Ah, Holy Week. Slightly odd worship services most churches only do once a year, complete with lots of minuatie and logistical details that easily lead to long "notes for next year." There's trying to say something novel, or, if not novel, at least somewhat profound and maybe even somewhat memorable, about something that has been talked about for centuries.Then there's the endless cajoling, asking people to come to these services into which so much effort is going. Holy Week even includes talk about sin in denominations that try desperately to tend to shy away from fire and brimstone.
If Holy Week can be so hellacious, why do I miss it?
Clearly Holy Week hasn't gone anywhere; I have. I haven't attended Holy Week services since 2008. I was in the early weeks of maternity leave in Holy Week 2009, we traveled to see family during Holy Week 2010, and this year I'm on duty at the residential high school where I work from Maundy Thursday through Easter Monday.
I probably miss Holy Week because I've been fortunate enough to have some really great ones. The first time I really observed Holy Week was ten years ago. I was part of a small group in the campus ministry that had committed to some Lenten disciplines. I showed up for a Tenebrae service and an Easter Vigil with no prior knowledge of what either was. I remember finding the services long and dramatic. I was hooked in a way that was probably odd for a twenty something year old. One year in seminary I went to an Episcopal monastary for Holy Week. There was an altar decorated like a garden to pray in in the middle of the night on Thursday, homemade hot cross buns as we cleaned the sanctuary on Saturday, and great sermons throughout the week. The first Holy Week I was ordained, I laid prostrate on the nave floor on Good Friday and later listened to the choir sing a cappella, since the organ remained silenced during the Triduum. On Easter morning, I gave out communion to hundreds of people, many of whom I knew and loved. Holy Week and Easter have shaped me. Holy Week taught me about the power of liturgy to speak to the human condition and to what God has done in Christ Jesus.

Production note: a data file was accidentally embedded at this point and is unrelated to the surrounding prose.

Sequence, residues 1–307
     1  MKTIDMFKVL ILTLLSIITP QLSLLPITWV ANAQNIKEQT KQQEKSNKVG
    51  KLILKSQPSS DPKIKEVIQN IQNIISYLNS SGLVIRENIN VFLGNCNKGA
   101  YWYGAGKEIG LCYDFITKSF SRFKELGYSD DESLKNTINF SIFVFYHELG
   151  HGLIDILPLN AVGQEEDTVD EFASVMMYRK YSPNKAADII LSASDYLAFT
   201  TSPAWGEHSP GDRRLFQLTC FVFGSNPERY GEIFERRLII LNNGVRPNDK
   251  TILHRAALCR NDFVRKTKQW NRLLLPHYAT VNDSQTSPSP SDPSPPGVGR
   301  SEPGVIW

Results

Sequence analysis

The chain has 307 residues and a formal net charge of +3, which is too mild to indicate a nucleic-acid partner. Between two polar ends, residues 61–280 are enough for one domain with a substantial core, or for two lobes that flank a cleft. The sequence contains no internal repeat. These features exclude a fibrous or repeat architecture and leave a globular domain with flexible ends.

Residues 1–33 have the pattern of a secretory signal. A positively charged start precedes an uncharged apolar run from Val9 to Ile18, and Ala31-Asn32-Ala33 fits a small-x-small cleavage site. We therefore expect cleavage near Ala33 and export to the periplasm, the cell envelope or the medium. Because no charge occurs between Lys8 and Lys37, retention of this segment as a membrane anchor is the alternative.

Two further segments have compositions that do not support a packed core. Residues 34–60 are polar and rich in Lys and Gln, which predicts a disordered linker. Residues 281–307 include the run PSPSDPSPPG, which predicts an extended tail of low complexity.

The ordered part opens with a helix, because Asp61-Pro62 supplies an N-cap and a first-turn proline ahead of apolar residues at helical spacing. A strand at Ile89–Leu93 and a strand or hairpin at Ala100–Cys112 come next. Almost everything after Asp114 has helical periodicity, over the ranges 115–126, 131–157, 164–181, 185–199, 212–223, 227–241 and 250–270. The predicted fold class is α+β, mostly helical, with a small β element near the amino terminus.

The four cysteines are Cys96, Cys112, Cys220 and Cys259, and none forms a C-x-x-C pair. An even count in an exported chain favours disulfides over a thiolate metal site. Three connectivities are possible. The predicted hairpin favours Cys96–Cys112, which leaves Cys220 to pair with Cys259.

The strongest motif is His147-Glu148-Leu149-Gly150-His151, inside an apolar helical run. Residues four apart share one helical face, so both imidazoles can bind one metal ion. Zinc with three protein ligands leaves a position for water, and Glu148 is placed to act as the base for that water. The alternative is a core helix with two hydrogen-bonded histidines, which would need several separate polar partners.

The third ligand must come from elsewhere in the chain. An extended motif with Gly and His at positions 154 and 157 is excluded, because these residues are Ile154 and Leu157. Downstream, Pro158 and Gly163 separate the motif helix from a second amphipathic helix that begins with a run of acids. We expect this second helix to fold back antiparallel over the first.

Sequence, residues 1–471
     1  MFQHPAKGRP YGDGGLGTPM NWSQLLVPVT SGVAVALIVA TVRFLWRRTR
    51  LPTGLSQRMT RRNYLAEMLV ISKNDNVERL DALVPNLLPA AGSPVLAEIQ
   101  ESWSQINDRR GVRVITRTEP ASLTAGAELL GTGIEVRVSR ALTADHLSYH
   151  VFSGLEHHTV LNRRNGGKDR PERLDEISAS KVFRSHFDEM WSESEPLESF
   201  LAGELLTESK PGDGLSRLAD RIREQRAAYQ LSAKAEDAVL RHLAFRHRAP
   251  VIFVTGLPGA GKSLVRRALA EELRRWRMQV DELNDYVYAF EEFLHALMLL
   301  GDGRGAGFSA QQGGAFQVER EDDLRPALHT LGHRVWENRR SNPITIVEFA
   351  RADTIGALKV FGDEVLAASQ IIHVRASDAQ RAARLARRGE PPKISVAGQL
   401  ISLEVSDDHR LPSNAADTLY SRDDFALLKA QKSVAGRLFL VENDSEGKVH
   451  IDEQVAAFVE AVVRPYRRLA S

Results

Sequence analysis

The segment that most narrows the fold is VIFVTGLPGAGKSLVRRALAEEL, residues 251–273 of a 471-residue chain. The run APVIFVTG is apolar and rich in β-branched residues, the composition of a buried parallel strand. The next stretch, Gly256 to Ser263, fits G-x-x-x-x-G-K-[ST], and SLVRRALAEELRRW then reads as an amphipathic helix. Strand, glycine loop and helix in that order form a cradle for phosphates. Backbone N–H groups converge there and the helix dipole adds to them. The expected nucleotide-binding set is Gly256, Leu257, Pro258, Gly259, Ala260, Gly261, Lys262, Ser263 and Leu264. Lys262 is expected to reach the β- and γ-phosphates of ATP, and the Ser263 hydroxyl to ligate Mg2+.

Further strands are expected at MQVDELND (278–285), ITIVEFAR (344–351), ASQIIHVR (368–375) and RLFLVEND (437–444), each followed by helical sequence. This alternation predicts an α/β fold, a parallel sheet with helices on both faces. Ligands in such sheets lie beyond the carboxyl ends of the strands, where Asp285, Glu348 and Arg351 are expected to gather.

I don't miss the exhaustation, the never-ending bulletins, the running around to find clean towels (or any towels at all) for foot washing. But there's a lot I do miss. I miss that not only coordinating but also attending these special services used to be my job, that I couldn't get out of it even when I wanted to, that it was not only okay but mandatory for me to be there. Now I've allowed it to be marganalized in my life. Now I know the pain of trying to fit a Holy Week observance into a work schedule, not to mention my family's schedule, that doesn't revolve around observing this week. Neither is easy.
I do teach some about Holy Week in my current role as a high school chaplain. In Chapel today, we will read the passion narrative, and on Sunday, the boarding students and I remembered some of the events that constitute Holy Week. It's just not the same.
As the mother of a young child, people are constantly telling me to enjoy my daughter while she's young. I feel like I'm doing the clergy equivalent of that right now. But you know what? Oh freakin' well. I know those parents with grown and teenage children are saying something true, as annoying as I find it at times.
If you've read this and have no clue what I'm talking about, maybe give a Holy Week service a try. They're a cultural experience if nothing else. My prayer for the parish clergy reading this is that somewhere in the midst of the nuttiness, you have the chance to enjoy some piece of your Holy Week.